A 4 year old presents with parents to the emergency department complaining of immense stinging pain to the arm with a new rash shown above. The child was playing out in the backyard and thinks something may have bit him. What is your diagnosis?
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Image of the Week - Poisonous Caterpillars
This patient presented with these markings accompanied by a burning and itching sensation. This reaction was caused by cutaneous envenomation by a poisonous species of caterpillars.
The most likely culprit that displays this pattern of markings is the Flannel Moth, or more precisely its larvae, the Puss caterpillar (Megalopyge opercularis). Other names include the asp, wooly asp, Italian asp, opossum bug, wooly slug, and el perrito. It is considered the most toxic caterpillar in North America. Notice the hairs along the underside of the puss caterpillar in the pictures above. When these rubs against a victim, these hairs break off and embed in the underlying skin causing severe pain and a hemorrhagic rash.
This little guy is predominately present in the southeast US, predominately in Texas but spreads as far East as Florida and as far North as Virginia. It has a bimodal peak yearly in both Spring/early Summer and Fall. They are present largely in shaded areas in trees or shrubbery and often can be found around homes, parks and schools.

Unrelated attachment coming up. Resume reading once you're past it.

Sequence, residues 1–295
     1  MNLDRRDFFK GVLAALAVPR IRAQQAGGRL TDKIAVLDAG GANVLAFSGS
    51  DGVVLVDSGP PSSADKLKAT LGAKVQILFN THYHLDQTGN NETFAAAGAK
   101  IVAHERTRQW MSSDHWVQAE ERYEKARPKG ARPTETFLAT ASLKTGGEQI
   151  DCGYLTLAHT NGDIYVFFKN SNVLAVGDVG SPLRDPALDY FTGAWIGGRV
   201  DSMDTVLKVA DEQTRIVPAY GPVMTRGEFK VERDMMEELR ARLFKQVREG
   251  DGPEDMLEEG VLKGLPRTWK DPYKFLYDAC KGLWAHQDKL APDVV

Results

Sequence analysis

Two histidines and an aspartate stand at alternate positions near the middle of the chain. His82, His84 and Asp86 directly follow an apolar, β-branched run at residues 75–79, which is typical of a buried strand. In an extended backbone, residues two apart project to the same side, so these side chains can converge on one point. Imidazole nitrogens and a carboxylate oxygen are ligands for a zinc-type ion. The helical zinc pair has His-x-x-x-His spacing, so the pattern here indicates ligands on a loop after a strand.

Symptoms of envenomation are quite varied but the most common include severe pain, stinging/burning and swelling. Some quotes from the article reviewed regarding patient's descriptions of the pain:
"It felt as though my arm had been broken."
"It immediately felt like a hammer hit me."
"I have had kidney stones before but I believe the pain I am experiencing from the asp sting is worse."
Within an hour of envenomation, a clear pattern of hemorrhagic papules will usually arise in the area affected, usually lasting for several days; lymphadenopathy and swelling may also develop. Other symptoms may include headache, nausea, vomiting, intense abdominal pain, and sometimes shock or respiratory distress. Patient's are also noted to experience panic attacks since they often do not know what is causing their symptoms.
There is no anti-venom for pus caterpillar envenomation. One strategy suggested describes applying tape to the site and pulling it off to remove the hairs ("stripping"). Other patient home remedies have included applying ice packs, oral antihistamines, baking soda, hydrocortisone cream or calamine lotion. Other papers suggest pain relief through intravenous calcium gluconate or systemic corticosteroids. There is not good evidence for any of these treatments though the "stripping" seems to be reasonable if the patient presents in a timely manner. Once important aspect may be to recognize the envenomation pattern and correlate with symptoms to prevent unnecessary panic and work up.
I recommend reading the reviewed article on pus caterpillar envenomation here as it is not only educational, but also quite entertaining.
Thank you for reading.
See more cases like this on Figure 1.
Eagleman D. Envenomation by the asp caterpillar. Clinical Toxicology (2007) iFirst, 1-5.
Donald W. Hall. "Puss Caterpillar." entnemdept.ufl.edu. University of Florida, March 2013. Web. 16 November 2014.